The Volokh Conspiracy

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The Supreme Court's Trump Exceptionalism

My essay in today's New York Times.


I have an op-ed in today's New York Times reflecting on the most recent Supreme Court term. I was originally going to write a piece that said "the Court is doing fine, basically!" but ended up concluding that there had to be a giant asterisk next to that.

It is currently titled A Principled Supreme Court, Unnerved by Trump. (My working title was "The Trump Exception." A cheekier title would have been "'Trump Derangement Syndrome' Derangement Syndrome.")

From the beginning:

At the end of another momentous term, the Supreme Court has issued major rulings that will reshape the law. Like much that the court does today, these decisions, in areas like administrative law, have been widely criticized as corrupt or illegitimate.

For the most part, this criticism does not give the Supreme Court enough credit. In case after case, it has rightly emphasized the importance of turning to historical understandings in deciding constitutional cases rather than imposing modern policy views. Most of the court's decisions are principled and sound — most but unfortunately not all.

There were two particularly salient blemishes on the court's performance this year — and they are particularly unfortunate because they related to Donald Trump.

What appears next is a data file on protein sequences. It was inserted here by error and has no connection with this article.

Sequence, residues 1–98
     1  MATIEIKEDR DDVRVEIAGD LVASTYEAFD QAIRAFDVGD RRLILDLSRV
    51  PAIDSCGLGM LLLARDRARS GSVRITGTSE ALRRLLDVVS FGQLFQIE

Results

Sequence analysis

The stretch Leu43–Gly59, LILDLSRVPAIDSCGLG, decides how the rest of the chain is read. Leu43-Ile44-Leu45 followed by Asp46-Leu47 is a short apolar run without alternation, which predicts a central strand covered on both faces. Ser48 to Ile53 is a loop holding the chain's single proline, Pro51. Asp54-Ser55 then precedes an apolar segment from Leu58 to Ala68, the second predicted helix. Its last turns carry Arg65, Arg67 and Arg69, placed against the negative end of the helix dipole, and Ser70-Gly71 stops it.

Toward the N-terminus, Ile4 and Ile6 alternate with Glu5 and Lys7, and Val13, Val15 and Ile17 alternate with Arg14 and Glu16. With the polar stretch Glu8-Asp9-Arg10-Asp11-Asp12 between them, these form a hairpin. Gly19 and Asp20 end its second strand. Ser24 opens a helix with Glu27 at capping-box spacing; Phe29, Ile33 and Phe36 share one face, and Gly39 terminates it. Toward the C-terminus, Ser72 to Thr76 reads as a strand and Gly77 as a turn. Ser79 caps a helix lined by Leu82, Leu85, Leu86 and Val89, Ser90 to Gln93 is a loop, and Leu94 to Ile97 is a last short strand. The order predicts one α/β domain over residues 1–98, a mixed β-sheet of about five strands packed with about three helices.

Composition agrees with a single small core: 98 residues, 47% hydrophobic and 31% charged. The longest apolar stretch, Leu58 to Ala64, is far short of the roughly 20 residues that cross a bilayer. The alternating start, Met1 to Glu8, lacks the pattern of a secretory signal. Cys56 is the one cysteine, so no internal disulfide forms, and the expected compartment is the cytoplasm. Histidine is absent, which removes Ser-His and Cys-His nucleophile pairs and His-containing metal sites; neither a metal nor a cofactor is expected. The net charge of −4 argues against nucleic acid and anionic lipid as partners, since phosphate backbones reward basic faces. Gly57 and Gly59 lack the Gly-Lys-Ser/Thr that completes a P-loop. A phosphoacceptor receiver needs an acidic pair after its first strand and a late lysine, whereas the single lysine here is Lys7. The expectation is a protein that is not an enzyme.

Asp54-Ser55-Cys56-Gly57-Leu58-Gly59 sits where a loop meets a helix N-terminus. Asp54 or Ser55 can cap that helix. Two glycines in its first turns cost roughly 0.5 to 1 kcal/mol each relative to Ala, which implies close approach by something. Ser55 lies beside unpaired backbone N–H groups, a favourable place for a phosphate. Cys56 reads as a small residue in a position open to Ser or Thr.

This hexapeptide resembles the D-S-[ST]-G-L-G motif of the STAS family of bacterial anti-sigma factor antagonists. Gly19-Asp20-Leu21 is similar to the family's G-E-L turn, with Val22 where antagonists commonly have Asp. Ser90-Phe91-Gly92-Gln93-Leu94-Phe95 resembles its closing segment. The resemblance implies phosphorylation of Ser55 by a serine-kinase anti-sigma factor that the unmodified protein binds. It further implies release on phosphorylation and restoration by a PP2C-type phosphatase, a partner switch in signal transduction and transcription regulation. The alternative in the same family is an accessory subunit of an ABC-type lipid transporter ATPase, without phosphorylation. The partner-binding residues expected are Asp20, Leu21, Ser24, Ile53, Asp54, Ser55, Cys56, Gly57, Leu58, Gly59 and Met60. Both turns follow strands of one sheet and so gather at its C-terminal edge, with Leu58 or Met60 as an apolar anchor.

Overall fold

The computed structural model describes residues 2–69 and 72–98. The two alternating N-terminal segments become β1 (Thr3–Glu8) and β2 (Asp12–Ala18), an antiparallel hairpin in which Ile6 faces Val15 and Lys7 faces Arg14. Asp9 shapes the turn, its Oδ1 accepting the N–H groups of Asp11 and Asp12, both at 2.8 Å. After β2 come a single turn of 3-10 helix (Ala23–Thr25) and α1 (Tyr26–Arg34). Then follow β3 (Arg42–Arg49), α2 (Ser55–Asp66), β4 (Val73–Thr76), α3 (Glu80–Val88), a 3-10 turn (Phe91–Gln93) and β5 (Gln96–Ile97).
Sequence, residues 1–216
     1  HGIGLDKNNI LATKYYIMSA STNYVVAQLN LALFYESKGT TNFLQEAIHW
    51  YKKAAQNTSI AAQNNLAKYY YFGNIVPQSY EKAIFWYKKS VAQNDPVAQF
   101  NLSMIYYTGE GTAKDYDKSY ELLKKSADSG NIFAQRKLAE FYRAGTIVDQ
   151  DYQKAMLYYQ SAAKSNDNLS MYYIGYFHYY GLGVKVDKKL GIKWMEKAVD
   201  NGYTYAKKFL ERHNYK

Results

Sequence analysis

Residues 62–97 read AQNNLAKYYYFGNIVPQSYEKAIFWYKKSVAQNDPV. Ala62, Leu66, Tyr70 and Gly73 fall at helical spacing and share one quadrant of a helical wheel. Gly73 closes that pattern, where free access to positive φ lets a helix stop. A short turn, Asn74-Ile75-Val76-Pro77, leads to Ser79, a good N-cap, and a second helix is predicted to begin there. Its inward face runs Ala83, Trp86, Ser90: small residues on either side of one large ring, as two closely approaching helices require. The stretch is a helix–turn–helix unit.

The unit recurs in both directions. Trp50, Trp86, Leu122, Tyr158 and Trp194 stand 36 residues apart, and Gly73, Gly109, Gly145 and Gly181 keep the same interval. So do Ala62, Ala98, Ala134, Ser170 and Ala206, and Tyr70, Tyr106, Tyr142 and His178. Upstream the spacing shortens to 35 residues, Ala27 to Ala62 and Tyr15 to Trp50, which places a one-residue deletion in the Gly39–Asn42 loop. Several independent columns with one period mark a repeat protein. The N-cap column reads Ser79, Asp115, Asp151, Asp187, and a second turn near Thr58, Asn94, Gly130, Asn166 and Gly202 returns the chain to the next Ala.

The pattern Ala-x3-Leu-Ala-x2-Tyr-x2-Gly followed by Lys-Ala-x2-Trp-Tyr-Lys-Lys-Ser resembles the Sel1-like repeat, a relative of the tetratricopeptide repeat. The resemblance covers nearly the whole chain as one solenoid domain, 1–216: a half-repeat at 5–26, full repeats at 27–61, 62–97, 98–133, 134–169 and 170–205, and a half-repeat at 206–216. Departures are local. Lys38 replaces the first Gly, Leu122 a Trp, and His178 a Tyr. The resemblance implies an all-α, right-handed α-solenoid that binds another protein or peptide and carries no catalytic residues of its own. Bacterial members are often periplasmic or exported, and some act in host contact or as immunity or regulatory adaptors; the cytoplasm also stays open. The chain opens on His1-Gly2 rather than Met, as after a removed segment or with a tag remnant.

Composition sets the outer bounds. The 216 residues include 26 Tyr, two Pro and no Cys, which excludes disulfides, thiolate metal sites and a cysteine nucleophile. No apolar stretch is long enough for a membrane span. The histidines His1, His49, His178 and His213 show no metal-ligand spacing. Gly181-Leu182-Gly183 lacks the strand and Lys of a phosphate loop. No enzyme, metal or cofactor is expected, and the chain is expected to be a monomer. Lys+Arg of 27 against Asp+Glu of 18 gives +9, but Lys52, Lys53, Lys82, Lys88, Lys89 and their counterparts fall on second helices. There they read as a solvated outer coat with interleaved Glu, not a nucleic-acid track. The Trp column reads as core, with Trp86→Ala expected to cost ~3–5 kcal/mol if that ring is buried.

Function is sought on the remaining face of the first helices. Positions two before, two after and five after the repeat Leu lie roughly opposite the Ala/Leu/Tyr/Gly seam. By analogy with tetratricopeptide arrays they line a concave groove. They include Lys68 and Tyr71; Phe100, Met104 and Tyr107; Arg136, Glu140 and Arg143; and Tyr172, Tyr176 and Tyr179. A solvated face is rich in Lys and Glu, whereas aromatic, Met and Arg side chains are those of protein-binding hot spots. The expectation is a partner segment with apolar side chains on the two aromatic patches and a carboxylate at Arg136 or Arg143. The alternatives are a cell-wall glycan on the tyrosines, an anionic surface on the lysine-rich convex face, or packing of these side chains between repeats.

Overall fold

From the middle:

Trump v. Anderson's holding lacked any real basis in text and history and also is at odds with the basic structure of the Electoral College, in which states have primary authority to decide how their slates of electors are chosen. The ruling's real function was to let the court reverse the Colorado Supreme Court and avoid the political firestorm that might have ensued, without requiring the court to take sides on what happened on Jan. 6. . . .

[Trump v. United States's] reasoning went well beyond any specific part of the Constitution or any determinate constitutional tradition. Its methodology was explicitly grounded in Nixon v. Fitzgerald, a policymaking precedent from the 1980s akin to ones the court has criticized elsewhere. Justice Barrett, who joined only part of the majority, wrote a concurring opinion proposing a narrower, much more grounded form of immunity limited to core executive acts.

What is going on? Some critics say that everything the court does is generally unprincipled and illegitimate, which is not correct.

Others may suggest that the court is pro-Trump . . .

What is more likely is that in these cases, the court sees itself as trying to save the country from other institutions' disproportionate responses to Mr. Trump. It believes that lower courts and the Justice Department have succumbed to a version of Trump derangement syndrome, which is said to afflict so many liberal elites and even Never-Trump conservatives.

And the end:

The court is motivated by statesmanship, which the country sorely needs today. The problem is that this statesmanship is a form of the kind of outcome-oriented policymaking that the court disparages in other contexts. It trusts states to handle the homelessness crisis but not ballot access for insurrectionists, even though the Constitution trusts states with both. It trusts juries to handle fines for securities fraud but not punishment for abuse of the presidency, even though the Constitution trusts juries with both.

When dealing with Mr. Trump in particular, the court is so sure that our other institutions cannot be trusted that it fails to look in the mirror.

You can read the whole thing here. And as noted yesterday, I have a much more extended and nuanced breakdown of the immunity case on the Divided Argument podcast.